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Sleep hygiene refers to healthy habits, behaviors, and environmental factors that can be adjusted to help you achieve a good night's sleep. Improving sleep hygiene can lower your blood pressure, reduce stress and anxiety, decrease cravings, and leave you feeling energized and motivated.

When it comes to improving your health, movement,

and nutrition are often the go-to options. Ho

wever, when I consult with a client, I delve deep into their sleep habits because I understand that improving sleep can have a ripple effect on many other areas of their life.

Current research suggests that obtaining 7-9

hours of sleep per night is optimal for health. It's important to note that this refers to actual sleep time, not the time spent in bed. Therefore, it's essential to consider the amount of time it takes you to fall asleep. However, there are reports of Einstein advocating for 10 hours of sleep, so it ultimately depends on individual preferences after a minimum of 7 hours. Determine what works best for you.

Signs of good sleep hygiene include:

  • Falling asleep within 20 minutes of lying down

  • Sleeping throughout the night without interruptions

  • Waking up naturally without needing an alarm

  • Being able to get out of bed easily in the morning

  • Feeling energized and motivated for the day ahead

Signs of poor sleep hygiene include:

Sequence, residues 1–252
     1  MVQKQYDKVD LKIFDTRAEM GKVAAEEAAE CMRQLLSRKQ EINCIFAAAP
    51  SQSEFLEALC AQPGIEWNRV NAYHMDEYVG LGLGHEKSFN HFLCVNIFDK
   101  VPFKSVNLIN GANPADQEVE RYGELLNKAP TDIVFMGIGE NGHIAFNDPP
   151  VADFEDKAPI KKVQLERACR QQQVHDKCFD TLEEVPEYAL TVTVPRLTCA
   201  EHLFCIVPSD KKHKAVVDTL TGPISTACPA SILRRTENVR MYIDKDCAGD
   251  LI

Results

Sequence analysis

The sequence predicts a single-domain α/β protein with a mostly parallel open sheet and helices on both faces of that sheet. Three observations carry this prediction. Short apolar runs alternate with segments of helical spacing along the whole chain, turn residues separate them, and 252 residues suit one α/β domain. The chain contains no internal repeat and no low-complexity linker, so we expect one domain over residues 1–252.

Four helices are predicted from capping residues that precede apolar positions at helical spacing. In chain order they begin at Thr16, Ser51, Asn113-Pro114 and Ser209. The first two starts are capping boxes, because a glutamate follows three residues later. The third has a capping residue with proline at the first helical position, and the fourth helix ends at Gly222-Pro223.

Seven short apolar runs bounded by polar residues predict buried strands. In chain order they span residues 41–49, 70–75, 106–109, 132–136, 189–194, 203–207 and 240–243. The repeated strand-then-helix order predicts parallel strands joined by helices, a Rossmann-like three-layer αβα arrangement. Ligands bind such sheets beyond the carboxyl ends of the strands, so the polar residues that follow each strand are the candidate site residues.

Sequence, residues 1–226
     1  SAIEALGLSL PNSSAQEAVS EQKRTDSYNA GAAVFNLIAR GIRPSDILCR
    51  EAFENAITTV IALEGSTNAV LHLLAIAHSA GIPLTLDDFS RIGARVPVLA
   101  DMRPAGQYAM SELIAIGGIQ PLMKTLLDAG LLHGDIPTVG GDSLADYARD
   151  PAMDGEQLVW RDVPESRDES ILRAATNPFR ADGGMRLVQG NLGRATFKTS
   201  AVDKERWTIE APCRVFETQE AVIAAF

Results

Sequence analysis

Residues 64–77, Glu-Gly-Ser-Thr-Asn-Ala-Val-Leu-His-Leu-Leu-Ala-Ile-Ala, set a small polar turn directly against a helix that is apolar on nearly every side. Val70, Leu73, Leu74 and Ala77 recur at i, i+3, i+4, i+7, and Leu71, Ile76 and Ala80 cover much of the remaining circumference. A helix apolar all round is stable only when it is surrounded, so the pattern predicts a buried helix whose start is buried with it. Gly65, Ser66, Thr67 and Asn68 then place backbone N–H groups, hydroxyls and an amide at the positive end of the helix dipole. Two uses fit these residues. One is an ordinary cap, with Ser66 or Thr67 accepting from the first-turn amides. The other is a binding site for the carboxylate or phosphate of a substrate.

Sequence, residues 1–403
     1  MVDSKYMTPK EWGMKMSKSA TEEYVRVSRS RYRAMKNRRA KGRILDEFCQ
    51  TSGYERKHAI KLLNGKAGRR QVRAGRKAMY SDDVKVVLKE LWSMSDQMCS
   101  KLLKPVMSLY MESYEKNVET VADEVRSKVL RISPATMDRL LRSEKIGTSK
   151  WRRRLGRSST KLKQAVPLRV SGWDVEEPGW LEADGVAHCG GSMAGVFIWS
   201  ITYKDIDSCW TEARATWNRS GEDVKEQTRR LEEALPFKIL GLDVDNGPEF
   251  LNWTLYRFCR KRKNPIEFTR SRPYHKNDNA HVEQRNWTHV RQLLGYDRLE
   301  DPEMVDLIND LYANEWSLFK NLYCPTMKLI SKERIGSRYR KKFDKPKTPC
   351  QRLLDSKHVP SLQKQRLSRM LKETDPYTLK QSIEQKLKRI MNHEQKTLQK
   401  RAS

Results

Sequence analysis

• Struggling to fall asleep due to a racing mind

  • Experiencing frequent awakenings during the night and difficulty falling back asleep

  • Relying on an alarm to wake up in the morning

  • Having trouble getting out of bed in the morning

  • Feeling sluggish and needing caffeine to get through the day

  • Craving highly palatable food

While a single night of poor sleep can make the following day challenging, consistent sleep deficiency can lead to chronic health problems. While exercise is a healthy stressor, individuals who are chronically sleep-deprived will only worsen their situation by engaging in intense physical activity. Improving sleep hygiene is a simple but not easy task. It requires trial and error, patience, and consistency, but the benefits are worth it.

You don't need to purchase blue light blockers just yet. Follow these tips to improve your sleep hygiene and, consequently, your overall health:

  • Establish a consistent bedtime and wake time every night. Our bodies thrive on routine.

  • Develop a wind-down routine leading up to bedtime. The specifics of this routine may vary for each person. Personally, I find it helpful to prepare for work the next day, meditate, and then read.

  • Dim the lights and use warm amber bulbs to create a sleep-friendly environment. Our bodies evolved to rely on natural light to regulate sleep and wakefulness. By reducing the brightness of lights before bed, we signal to our bodies that it's nearly time to sleep. The body responds by releasing melatonin, a hormone that aids in sleep.

  • Avoid electronic devices for at least 2 hours before bedtime. Engaging in activities such as watching TV or scrolling on your phone not only exposes you to bright light but also stimulates your brain. Personally, I believe that scrolling in bed is particularly problematic in this regard.

  • Avoid using caffeine in the afternoon. Caffeine has a half-life of 6 hours meaning 6 hours after you consume it half of it will still be in your system.

  • Expose yourself to bright light, preferably natural light, upon waking up.

  • Refrain from consuming caffeine for approximately 60-90 minutes after waking up.

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